Act to Increase Small Claims Limit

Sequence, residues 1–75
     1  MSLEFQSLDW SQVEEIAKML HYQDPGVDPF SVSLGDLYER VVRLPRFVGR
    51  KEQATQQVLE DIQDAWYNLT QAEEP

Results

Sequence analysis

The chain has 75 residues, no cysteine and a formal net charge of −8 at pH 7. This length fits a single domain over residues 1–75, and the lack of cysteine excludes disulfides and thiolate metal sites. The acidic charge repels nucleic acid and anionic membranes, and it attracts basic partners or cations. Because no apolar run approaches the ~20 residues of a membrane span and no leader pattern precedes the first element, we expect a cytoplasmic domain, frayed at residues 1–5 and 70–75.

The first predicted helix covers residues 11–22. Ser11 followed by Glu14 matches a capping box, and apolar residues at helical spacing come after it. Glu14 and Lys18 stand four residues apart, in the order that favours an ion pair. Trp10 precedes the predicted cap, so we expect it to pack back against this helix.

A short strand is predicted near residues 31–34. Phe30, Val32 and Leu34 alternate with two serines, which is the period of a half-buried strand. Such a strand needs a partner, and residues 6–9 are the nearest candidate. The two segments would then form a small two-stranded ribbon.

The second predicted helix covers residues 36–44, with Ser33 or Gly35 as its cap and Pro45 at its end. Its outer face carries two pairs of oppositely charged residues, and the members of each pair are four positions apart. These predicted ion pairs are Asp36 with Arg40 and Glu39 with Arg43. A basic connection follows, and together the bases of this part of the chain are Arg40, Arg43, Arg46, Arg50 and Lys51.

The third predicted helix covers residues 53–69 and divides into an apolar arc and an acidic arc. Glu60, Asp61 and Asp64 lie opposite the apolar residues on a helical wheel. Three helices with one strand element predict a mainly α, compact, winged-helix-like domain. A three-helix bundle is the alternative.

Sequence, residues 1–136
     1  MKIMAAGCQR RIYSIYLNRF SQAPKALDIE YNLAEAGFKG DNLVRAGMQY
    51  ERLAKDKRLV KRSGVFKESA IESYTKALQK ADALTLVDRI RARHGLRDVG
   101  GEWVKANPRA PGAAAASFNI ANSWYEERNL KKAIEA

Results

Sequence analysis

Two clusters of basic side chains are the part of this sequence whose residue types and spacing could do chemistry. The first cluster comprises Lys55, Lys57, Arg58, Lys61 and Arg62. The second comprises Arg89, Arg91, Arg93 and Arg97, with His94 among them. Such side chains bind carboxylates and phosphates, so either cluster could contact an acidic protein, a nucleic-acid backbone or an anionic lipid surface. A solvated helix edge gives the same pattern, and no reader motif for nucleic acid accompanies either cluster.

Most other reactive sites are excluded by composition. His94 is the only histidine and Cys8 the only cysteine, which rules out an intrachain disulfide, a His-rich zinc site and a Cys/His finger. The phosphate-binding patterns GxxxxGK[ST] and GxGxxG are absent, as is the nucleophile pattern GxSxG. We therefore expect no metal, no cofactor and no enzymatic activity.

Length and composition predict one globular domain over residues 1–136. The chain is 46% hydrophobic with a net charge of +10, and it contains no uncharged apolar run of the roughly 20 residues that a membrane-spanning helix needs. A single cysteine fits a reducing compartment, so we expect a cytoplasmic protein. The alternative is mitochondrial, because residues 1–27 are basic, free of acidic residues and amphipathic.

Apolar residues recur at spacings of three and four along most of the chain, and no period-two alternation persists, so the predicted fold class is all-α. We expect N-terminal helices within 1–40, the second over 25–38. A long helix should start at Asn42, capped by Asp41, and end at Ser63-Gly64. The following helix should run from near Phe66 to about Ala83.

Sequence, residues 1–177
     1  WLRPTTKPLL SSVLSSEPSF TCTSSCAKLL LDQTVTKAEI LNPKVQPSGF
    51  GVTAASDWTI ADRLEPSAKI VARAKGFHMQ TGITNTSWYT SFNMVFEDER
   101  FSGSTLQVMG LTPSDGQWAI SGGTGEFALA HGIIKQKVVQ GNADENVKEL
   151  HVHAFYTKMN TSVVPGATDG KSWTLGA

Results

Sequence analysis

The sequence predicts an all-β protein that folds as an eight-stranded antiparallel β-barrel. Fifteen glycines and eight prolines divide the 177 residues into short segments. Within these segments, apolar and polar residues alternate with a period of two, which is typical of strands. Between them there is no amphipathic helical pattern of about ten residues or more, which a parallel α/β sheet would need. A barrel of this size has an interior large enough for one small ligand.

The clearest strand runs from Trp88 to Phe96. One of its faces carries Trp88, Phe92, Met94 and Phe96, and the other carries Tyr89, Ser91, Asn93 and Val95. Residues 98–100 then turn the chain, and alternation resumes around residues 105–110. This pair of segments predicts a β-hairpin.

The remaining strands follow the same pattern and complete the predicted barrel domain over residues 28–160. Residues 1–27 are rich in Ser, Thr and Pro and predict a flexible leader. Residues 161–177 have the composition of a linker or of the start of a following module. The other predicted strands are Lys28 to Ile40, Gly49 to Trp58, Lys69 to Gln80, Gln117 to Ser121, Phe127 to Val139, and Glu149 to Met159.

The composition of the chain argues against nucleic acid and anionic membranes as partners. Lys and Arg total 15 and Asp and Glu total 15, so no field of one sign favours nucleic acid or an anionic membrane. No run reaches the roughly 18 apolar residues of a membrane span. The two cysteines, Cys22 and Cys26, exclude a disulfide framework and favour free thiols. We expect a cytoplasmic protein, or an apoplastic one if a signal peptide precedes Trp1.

Proposed changes to the Small Claims Court Act will make it easier and cheaper for Nova Scotians to resolve certain legal disputes. Justice Minister Michael Baker introduced legislation today, Oct. 18, that would allow the court to decide cases with claims valued at up to $25,000 instead of the current $15,000. “Increasing the limit to $25,000 will help people avoid the more costly option of starting a legal action before the Supreme Court of Nova Scotia,” said Mr. Baker. “It’s another step that will streamline our justice system and help people resolve disputes in a more timely fashion.” The small claims court provides a quick, informal and cost-effective method for deciding claims. It is not necessary for the participants to hire lawyers. Proceedings are also less formal than in other courts. Cases are heard by adjudicators who are lawyers, not judges. The small claims court is administered by the Department of Justice. On average, the court hears 3,750 cases each year. For more information, see the website at www.courts.ns.ca . Mr. Baker also introduced three other justice bills. Amendments to the Enforcement of Canadian Judgments and Decrees Act will make it easier to recognize and enforce civil orders of protection issued in other Canadian provinces. It would also make sure consumers in Nova Scotia are treated fairly if a judgment is issued against them in another province. The International Trusts Act will see Nova Scotia join most other provinces in establishing common provisions for the recognition of trusts. The Commercial Mediation Act will establish standards for commercial mediation agreements, and make agreements more readily enforceable by the courts. The act is based on model legislation adopted by the Uniform Law Conference of Canada.